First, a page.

Now, Tetsuya Mizuguchi's studio Q Entertainment is recreating Gunpey, a line-matching puzzle game, for Nintendo and Sony's modern handhelds Nintendo DS and PSP. True to Mizuguchi form, the DS and PSP iterations have integration between gameplay and music, a feature found in past Mizuguchi games such as Lumines (PSP), Meteos (NDS), Rez (PS2, DC), and Space Channel 5 (PS2, DC). The two versions of the game have some significant differences as well. I recently had the chance to go hands on with both.
Both games have the same core gameplay mechanices. Lines of various angles scroll towards the top of the screen in a five column wide playing field, and the player must slide the line fragments vertically in order to create unbroken lines from the left side of the screen to the right. After doing so, the created line disappears. If any of the line fragments reach the top of the screen before they have been assembled into a full line, the game is over. After connecting a line, you are given a couple of seconds to create new connected lines branching out from the first one, allowing you to achieve combo bonuses. The dynamics of the game are similar to those of the classic falling blocks puzzle format, but the actual mechanics are quite different.
Lumines is the obvious model for Gunpey's presentation on PSP. Much like Q Entertainment's acclaimed PSP puzzler, Gunpey on PSP features user-selectable "skins" consisting of different background images and music tracks. There are about 40 different skins from which to choose, slanted in the electronic and pop direction. Some of the skins actually double the playing field's size from five squares across to ten squares across, making it twice as difficult to create an unbroken line all the way from left to right. There is even a "double" mode, which has the player juggling two different games of Gunpey simultaneously. One of the games is displayed at the normal size, while the other plays out in thumbnail form in the lower right hand corner of the screen. At any moment, you can bring the thumnail game into the main area and vice versa in order to keep the lines in that game from scrolling up to the top. If either of the two playing fields has its lines reach the top of the screen, the game is over.
Similarly to the music integration features in Lumines, in Gunpey creating lines and performing combos will result in little sonic cues that add to and blend in with the background music. It's essentially expected from a Mizuguchi puzzle game by now, and it works as well as always.
Gunpey is controlled with a two-square vertical reticule that is moved around the screen with the d-pad. Pressing the main face button will vertically swap the position of the two adjacent squares highlighted by the reticule, which is how you move the line segments around to create longer lines. It works just Meteos when using the d-pad rather than stylus control. The problem is that, as with Meteos, it can be somewhat cumbersome to quickly move the reticule around the screen quickly to keep the constantly scrolling line segments under control. Unlike in, for example, Tetris, you are not expected to manage only one block at a time; all of the lines constantly scroll upward. The controls certainly work, they are just somewhat limiting in terms of speed and fluidity.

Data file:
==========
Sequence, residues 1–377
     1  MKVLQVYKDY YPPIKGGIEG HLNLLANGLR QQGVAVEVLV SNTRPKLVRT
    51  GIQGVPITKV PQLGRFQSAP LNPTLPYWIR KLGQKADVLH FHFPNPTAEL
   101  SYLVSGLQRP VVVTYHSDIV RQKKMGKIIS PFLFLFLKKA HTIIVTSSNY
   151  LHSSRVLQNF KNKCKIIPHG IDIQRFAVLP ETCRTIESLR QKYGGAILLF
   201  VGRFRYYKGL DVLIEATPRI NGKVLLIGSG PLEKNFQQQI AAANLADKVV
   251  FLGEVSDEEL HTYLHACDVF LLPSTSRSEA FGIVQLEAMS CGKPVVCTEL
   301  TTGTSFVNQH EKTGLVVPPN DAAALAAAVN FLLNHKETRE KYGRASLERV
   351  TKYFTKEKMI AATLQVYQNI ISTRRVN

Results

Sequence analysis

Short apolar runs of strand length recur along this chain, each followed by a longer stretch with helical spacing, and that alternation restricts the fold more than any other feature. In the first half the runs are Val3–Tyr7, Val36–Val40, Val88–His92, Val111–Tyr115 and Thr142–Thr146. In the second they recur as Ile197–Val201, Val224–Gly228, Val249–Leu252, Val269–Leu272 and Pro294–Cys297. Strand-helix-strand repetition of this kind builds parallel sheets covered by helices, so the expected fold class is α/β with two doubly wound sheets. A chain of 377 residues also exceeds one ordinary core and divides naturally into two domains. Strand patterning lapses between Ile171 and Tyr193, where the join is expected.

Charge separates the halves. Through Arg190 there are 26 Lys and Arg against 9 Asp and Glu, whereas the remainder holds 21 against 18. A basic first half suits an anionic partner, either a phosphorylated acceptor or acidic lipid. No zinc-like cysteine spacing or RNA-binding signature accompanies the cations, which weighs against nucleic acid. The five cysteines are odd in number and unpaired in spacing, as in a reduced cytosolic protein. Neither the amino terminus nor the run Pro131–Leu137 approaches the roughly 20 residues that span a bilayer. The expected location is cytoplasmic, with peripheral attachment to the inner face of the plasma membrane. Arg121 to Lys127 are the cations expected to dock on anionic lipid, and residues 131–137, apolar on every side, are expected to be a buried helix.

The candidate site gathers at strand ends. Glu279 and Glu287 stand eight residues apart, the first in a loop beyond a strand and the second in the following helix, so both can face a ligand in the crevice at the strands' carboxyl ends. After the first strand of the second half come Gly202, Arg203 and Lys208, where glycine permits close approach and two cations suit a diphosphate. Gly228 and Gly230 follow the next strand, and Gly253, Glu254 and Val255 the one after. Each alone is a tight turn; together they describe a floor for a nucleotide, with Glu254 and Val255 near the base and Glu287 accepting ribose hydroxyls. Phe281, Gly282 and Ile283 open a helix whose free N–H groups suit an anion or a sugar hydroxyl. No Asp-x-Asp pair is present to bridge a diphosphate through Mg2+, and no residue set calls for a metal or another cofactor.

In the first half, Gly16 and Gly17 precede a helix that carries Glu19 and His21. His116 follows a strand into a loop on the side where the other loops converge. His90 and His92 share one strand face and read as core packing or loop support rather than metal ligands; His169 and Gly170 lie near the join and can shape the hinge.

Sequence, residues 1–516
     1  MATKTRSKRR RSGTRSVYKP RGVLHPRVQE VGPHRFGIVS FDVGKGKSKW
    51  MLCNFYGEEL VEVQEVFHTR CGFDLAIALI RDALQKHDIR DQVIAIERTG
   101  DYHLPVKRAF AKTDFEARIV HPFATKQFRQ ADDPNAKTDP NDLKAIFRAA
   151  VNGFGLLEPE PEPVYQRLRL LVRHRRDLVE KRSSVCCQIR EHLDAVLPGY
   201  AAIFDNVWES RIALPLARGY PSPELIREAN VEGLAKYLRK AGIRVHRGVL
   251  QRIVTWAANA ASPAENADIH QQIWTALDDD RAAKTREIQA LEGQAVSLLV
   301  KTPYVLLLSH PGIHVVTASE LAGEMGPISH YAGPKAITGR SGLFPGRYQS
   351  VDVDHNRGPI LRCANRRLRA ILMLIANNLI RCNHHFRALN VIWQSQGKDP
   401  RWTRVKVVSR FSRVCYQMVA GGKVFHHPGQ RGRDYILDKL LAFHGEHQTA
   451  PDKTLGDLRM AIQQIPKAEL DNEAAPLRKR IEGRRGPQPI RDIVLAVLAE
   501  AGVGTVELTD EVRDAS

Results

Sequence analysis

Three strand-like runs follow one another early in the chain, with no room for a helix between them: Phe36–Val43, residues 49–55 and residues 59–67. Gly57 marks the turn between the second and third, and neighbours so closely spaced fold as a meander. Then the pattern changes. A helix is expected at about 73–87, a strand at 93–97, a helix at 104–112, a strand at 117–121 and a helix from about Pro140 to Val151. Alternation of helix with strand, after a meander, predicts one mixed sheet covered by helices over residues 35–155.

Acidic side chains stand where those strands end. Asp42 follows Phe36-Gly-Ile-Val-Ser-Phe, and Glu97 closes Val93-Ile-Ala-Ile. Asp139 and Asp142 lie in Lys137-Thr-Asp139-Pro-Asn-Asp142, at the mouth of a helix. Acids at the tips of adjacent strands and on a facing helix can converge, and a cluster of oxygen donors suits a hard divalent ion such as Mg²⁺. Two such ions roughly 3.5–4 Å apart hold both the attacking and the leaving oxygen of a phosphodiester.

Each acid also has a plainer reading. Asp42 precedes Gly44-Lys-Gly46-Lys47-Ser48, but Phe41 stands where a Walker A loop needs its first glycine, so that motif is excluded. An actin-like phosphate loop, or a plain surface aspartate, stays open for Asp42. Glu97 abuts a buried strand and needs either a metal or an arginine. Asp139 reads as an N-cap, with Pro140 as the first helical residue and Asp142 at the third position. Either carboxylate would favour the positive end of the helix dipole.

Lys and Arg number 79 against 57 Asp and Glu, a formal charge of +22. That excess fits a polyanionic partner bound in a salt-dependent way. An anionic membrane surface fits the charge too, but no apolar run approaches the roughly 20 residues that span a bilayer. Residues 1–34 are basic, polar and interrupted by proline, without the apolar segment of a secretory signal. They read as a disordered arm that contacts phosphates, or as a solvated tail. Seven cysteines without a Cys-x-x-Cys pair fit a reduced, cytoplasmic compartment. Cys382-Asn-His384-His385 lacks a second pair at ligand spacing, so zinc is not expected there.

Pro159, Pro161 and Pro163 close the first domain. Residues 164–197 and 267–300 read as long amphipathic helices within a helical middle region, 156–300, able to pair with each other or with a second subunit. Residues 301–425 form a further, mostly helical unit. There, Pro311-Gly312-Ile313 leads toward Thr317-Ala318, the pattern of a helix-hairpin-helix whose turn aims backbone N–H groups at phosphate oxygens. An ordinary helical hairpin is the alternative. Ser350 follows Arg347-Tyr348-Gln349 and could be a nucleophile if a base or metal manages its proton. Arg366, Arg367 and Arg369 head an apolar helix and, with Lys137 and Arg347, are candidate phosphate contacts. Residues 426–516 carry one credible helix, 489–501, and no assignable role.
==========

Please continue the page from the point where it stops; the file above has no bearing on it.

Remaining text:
Multiplayer is supported via a two-player local wireless versus mode.
Just as Gunpey on PSP evokes Q Entertainment's PSP puzzler Lumines, Gunpey on DS evokes Q Entertainment's DS puzzler Meteos. The game contrasts Gunpey PSP's slick presentation with a more colorful and animated look. Gunpey DS features skins as well, but they exist as part of a single-player story mode that is unique to the game. As far as I can tell, the story has something to do with two guitar-wielding bounty hunters having to take down ten enemies in an Old West-in-space world. In single-player missions, you face off against a computer-controlled opponent with his own game playing out on the top screen. There is of course also a standard play-until-you-die non-story mode available in the game.
The DS version of the game also features music and gameplay integration, though it is not quite as striking as it is in the PSP version with its sleek techno skins. Surprisingly, the DS version does contain an exclusive music composition feature allowing players to make their own music, though I was not able to try that section of the game during my hands on time.
Despite being less appealing than the PSP version on the visual presentation side, the DS version of the game shines when it comes to control. While the d-pad control option is present, the DS version is intended to be controlled with the stylus. Rather than manipulating a reticule to shift individual lines one square at a time, you simply use the stylus to drag line segments any vertical distance almost instantly. It allows for incredibly fast-paced play, which helps immensely when the screen starts to fill up. Meteos players will feel right at home, though Gunpey's fundamental gameplay mechanics are more straightforward than those of that game.
Multiplayer is supported via a two-player local wireless versus mode. The DS version of the game also features single-cart game sharing for multiplayer games.
Gunpey is shaping up well on both PSP and Nintendo DS, with the PSP version taking the edge in presentation and the DS version winning out when it comes to control. Multiplatform owners who consider one aspect more important than the other will have an easy decision, while gamers who own only one of the two systems can look foward to a solid game on either.
Q Entertainment's Gunpey ships for Nintendo DS and PSP on November 14, 2006.